There's a nagging feeling in my gut, this should have been rather better than it was. The concept, of live-action role-players (LARPers) who accidentally manage to summon a genuine demon, is borderline genius, and the presence of Dinklage, who since filming has become a huge star for what's basically glorified LARPing in Game of Thrones, is undeniably fortunate. But the rest of the cast range from merely okay - Zahn as geeky magician - down to entirely bland and forgettable. Unfortunately, it's the latter which covers Kwanten as broken-hearted male lead Joe, who doesn't want to be prancing round a forest dressed in armour and waving a foam sword, after his girlfriend dumps him. Frankly, I can see why, since he comes over as an irritating and self-absorbed jackass - never mind dragging him along for some fantasy frolics, I'd gnaw a limb off, to avoid spending a full weekend in his company.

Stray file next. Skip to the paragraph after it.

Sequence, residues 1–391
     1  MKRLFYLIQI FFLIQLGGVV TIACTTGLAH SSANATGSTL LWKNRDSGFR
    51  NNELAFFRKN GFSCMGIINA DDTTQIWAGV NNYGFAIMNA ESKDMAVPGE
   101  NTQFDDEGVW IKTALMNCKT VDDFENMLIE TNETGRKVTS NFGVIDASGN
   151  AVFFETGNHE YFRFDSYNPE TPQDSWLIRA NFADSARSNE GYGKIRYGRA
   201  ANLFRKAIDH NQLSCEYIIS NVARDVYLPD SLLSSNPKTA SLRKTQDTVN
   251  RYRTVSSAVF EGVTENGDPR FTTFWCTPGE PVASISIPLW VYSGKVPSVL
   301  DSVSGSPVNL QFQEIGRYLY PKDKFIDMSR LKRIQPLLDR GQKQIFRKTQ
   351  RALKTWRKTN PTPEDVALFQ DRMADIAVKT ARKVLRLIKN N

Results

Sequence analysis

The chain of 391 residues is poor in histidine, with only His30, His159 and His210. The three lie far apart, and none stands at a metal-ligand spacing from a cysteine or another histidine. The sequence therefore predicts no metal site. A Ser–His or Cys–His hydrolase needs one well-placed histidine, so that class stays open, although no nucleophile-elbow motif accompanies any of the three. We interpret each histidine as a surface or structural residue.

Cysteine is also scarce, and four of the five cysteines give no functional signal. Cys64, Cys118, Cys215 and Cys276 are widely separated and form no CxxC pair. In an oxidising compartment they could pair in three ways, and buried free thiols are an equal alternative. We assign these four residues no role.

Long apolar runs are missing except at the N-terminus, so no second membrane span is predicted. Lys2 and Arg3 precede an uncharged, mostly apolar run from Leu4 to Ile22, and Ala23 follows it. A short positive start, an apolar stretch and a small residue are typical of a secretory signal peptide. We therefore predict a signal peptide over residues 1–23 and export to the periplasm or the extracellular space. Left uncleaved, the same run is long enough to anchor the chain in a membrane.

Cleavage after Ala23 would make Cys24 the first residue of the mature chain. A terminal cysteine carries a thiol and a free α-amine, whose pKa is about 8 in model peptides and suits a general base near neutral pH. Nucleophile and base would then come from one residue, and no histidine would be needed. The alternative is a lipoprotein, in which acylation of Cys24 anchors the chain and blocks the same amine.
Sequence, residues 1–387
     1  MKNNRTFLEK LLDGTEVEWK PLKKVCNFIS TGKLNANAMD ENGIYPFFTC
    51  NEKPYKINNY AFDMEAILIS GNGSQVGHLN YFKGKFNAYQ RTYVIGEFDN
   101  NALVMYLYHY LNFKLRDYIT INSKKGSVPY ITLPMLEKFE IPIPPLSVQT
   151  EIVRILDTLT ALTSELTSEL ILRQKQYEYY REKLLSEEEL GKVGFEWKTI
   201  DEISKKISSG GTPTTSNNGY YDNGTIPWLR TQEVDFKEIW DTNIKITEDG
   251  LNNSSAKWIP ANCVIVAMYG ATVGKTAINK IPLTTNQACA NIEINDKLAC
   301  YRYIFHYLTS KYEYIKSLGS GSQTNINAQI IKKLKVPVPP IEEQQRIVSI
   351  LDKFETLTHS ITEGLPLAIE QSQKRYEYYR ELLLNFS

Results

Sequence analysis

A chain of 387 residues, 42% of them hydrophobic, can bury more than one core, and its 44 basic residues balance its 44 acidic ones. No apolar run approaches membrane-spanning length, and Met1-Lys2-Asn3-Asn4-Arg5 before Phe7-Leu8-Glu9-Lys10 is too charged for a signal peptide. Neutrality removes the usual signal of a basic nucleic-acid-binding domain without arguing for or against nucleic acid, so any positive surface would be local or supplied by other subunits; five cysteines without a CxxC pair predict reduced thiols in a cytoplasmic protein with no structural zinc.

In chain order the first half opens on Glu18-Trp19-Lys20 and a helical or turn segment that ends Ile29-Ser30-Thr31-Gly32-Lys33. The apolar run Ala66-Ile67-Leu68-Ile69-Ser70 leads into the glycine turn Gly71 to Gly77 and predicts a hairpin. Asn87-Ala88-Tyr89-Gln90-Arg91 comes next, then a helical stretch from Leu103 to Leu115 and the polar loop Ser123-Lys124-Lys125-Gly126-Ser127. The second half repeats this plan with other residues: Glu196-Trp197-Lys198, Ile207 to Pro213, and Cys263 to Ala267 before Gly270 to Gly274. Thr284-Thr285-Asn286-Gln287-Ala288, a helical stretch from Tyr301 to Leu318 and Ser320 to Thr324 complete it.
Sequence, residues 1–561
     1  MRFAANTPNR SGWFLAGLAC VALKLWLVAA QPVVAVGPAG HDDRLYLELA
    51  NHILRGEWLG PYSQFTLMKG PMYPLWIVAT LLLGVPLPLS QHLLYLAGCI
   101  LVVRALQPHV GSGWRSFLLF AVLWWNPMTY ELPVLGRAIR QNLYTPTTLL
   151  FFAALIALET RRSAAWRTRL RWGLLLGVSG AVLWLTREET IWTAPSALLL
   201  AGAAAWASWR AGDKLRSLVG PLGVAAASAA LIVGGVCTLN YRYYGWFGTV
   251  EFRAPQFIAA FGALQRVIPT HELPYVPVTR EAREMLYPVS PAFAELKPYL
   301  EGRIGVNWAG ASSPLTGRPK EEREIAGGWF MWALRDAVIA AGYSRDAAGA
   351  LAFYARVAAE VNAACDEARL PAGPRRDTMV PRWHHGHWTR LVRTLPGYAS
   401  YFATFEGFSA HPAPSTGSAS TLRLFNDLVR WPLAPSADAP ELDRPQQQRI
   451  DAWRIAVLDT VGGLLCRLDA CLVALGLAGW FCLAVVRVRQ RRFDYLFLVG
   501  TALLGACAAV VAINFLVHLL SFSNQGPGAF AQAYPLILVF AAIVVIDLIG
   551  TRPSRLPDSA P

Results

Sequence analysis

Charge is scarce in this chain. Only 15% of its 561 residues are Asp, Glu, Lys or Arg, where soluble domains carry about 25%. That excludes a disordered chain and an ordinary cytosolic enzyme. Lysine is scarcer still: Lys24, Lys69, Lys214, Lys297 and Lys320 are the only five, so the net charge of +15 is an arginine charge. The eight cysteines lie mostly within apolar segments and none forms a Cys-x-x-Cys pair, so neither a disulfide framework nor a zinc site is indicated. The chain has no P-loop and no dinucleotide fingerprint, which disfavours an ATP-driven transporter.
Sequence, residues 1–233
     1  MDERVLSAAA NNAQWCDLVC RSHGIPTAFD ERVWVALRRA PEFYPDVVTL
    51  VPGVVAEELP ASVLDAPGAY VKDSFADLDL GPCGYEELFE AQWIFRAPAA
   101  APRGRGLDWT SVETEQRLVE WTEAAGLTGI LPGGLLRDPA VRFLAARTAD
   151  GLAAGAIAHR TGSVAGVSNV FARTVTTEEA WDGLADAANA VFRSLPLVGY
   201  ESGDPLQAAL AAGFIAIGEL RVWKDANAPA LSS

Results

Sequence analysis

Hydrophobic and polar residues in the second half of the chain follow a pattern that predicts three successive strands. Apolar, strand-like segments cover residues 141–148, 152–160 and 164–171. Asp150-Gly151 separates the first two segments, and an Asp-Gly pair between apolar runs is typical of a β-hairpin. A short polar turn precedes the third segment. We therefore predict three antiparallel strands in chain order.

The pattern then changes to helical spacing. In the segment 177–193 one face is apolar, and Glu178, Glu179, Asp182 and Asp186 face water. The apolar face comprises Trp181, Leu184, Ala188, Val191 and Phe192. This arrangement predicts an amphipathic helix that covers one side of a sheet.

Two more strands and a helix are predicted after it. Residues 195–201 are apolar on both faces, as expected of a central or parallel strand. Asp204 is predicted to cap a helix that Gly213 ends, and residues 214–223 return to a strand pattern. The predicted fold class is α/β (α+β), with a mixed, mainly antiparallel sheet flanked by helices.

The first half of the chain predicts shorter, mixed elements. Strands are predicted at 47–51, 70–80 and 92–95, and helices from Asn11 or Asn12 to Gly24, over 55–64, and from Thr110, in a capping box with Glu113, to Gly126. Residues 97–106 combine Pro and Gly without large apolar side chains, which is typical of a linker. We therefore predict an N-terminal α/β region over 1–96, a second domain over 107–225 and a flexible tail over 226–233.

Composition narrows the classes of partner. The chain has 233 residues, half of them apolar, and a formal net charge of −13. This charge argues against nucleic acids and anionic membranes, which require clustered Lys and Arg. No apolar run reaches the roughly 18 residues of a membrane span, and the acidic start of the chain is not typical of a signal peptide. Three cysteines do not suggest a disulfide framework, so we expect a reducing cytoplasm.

I think the main problem is the film's inability to decide whether it wants to be horror or comedy. Well, actually, it wants to be both, but it's always a tricky balance to strike. While usually, one side or the other is favoured, here, the compromise seems to cripple both aspects equally. While there are some laughs to be had from Zahn and Dinklage, there are long periods where humour is abandoned entirely; conversely, it's too long before the horror angle shows up to any significant degree. The effects work is a bit variable, to say the least, and the ending feels as if it was bolted on from an entirely different film altogether. Indeed, it may well have been. This had a lengthy struggle from completion to the screen, with the producer firing the director and apparently recutting things. Hard to say if this is the core of the issue: regardless, the end product is rarely more than lightly entertaining, and has rather more dragging than dragons. You could argue this is nearer to "bad" than "badass", but I guess "Knights of Mediocrity" wouldn't have sold as well.